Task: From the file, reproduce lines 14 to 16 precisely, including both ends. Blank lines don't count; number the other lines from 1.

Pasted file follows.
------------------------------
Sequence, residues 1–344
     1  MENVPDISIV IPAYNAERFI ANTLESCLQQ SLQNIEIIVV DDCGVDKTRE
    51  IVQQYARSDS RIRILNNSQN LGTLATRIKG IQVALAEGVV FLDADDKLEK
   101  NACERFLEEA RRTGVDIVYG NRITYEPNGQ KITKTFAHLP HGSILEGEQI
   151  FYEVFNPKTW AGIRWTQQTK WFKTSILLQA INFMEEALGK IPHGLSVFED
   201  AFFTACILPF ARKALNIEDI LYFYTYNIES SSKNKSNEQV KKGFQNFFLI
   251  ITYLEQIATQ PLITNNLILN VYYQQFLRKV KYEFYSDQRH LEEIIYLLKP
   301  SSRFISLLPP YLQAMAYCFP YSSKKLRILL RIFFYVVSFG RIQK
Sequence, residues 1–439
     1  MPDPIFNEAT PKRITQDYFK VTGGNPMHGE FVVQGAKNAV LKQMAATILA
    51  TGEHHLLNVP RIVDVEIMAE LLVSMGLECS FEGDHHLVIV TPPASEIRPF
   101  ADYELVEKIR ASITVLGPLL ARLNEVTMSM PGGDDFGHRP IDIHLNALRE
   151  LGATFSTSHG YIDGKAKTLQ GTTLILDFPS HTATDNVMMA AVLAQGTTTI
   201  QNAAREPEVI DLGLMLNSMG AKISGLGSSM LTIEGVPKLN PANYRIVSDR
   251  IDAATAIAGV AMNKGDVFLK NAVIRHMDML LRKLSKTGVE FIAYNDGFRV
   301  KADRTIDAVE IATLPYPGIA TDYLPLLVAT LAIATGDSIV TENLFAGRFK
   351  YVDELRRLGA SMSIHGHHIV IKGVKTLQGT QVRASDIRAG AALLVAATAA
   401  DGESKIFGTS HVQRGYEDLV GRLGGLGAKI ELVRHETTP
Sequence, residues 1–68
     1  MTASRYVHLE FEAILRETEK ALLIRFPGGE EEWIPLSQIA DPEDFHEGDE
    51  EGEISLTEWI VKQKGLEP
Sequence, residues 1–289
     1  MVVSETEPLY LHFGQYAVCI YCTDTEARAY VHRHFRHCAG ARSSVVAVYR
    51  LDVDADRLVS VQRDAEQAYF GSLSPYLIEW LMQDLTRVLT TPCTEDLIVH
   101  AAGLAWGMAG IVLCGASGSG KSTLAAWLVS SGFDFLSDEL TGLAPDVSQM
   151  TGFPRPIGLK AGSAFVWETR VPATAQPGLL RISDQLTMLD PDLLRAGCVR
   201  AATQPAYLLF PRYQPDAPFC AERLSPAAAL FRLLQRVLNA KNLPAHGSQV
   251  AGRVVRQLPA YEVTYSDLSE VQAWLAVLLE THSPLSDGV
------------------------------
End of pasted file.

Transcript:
   201  QNAAREPEVI DLGLMLNSMG AKISGLGSSM LTIEGVPKLN PANYRIVSDR
   251  IDAATAIAGV AMNKGDVFLK NAVIRHMDML LRKLSKTGVE FIAYNDGFRV
   301  KADRTIDAVE IATLPYPGIA TDYLPLLVAT LAIATGDSIV TENLFAGRFK